In our own industry, 2019 saw the IMO make a commitment to halve total emissions from ships by 2050. Major financial institutions developed and launched the Poseidon Principles, outlining the maritime finance sector’s framework for promoting decarbonisation through responsible lending. Maersk became the world’s first major carrier to commit to net zero by 2050. Lastly, we saw the launch of the Getting to Zero Coalition, whose membership reads like an industry who’s who, taking aim at building commercially viable zero emission ships by 2030.
The technology that allows full scale commercial ships to sail the oceans with zero emissions does not yet exist, and the investments being made now will be crucial to its development. But technology is having a broader impact on the way the world works, from the way we communicate, to global geopolitics, to the way we trade. Just like the adoption of the radio during the 1920s, the internet has created a new wave of economic growth that has touched all of our lives. It has made it possible to produce new products and services without any need for new physical infrastructure or distribution channels.
There is no doubt there will always be a need for physical goods to move across the oceans, but technology is making services, not goods, the key driver of economic growth. The value added contribution of services to global GDP is 65%, up from 54% in 1995, while the value added contribution of industry (including manufacturing) has declined from 32% in 1995 to 25% today. As the value generated by the manufacture and international trade in goods declines, so too will the value generated by transporting them. Shipping will continue to become increasingly commoditised as we progress into the decade, competing on price alone will be a fast route to bankruptcy.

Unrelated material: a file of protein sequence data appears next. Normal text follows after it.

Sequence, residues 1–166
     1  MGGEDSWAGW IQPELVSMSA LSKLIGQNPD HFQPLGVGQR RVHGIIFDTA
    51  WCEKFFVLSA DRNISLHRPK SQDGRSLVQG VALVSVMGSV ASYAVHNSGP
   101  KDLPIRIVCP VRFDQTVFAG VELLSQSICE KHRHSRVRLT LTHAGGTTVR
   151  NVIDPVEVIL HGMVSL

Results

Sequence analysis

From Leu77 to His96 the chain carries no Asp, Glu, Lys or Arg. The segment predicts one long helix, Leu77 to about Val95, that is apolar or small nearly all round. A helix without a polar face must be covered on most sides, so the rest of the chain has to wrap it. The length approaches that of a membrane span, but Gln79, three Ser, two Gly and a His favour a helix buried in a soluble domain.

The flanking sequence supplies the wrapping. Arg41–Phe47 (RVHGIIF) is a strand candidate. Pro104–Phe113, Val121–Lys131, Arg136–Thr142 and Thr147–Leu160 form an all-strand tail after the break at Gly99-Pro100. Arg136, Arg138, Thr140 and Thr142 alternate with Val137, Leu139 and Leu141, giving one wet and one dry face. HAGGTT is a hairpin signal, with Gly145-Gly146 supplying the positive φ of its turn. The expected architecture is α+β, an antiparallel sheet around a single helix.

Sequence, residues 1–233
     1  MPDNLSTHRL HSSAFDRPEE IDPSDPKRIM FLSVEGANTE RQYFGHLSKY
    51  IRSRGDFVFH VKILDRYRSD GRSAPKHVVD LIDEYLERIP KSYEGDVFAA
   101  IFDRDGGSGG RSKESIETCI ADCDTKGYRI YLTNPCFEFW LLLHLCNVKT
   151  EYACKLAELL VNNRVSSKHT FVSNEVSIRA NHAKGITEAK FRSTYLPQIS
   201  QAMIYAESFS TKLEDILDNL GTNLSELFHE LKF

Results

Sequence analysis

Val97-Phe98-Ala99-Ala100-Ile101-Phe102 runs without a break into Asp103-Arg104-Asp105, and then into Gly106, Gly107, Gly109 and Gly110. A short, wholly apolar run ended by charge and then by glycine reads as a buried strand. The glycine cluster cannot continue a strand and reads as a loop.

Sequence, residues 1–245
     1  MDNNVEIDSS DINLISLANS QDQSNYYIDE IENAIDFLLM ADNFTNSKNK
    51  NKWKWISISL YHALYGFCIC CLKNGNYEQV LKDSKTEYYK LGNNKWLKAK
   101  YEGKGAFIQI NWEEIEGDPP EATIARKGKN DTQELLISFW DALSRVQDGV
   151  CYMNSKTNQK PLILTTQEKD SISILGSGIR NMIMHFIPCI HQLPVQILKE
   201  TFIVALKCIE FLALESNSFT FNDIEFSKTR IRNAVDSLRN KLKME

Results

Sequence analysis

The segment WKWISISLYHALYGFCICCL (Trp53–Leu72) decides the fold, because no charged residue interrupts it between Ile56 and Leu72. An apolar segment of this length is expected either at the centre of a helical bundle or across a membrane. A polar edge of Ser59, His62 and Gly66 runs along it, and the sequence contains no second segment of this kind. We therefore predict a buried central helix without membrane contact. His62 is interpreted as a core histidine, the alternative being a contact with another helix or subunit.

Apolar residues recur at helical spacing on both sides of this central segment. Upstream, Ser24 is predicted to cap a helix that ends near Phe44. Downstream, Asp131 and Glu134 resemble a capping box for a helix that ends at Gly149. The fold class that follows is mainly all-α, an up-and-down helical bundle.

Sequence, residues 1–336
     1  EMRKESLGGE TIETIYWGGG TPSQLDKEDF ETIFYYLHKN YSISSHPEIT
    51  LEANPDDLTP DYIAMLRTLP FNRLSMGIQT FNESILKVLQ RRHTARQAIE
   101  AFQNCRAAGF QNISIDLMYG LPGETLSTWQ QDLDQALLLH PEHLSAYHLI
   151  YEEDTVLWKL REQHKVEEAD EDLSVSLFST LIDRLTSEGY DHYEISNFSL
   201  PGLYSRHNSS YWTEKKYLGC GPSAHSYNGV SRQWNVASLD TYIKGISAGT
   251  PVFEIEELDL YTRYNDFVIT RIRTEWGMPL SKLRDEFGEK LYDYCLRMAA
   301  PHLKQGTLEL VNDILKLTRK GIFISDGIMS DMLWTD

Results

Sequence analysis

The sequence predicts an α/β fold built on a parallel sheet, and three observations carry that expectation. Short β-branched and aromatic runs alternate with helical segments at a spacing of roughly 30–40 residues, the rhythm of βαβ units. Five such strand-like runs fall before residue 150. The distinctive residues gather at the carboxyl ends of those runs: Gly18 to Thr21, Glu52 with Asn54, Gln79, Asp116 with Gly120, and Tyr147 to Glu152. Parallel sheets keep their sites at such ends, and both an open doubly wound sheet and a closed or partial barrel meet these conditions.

Shifting the world’s economic dynamics won’t be the only impact technology has on shipping in the next 10 years. Advances in new technologies like additive manufacturing could see the entire supply chain change to a new model. Why ship 1m pairs of trainers from a factory in China to the US, when they could just as easily be 3D printed locally and on demand using a polymer that was imported in bulk? Further, despite the hype of crewless ships, millions of shore based jobs will be affected by the rise of artificial intelligence. It is the world’s white collar workers that are most at risk from AI, not those on the ground who work with their hands. While AI will most likely create more jobs than it takes, millions of people around the world in every industry will need to retrain and learn new skills if they want to continue to contribute to the economy.
A final force to consider is the impact that the world’s changing demographics will have on trade in the next decade. The US and Europe’s political and economic importance in the world is beginning to wane. Africa and Asia will emerge as dominant population centres in the next decade, growing their sphere of influence on the world stage at the same time. While the combined populations of Europe and North America are beginning to stabilise, the already large Asian and African populations will continue to grow at pace. India will overtake China as the world’s most populous country by 2027. Looking further ahead; 52% of the world’s population growth from now until 2050 will come from Sub-Saharan Africa.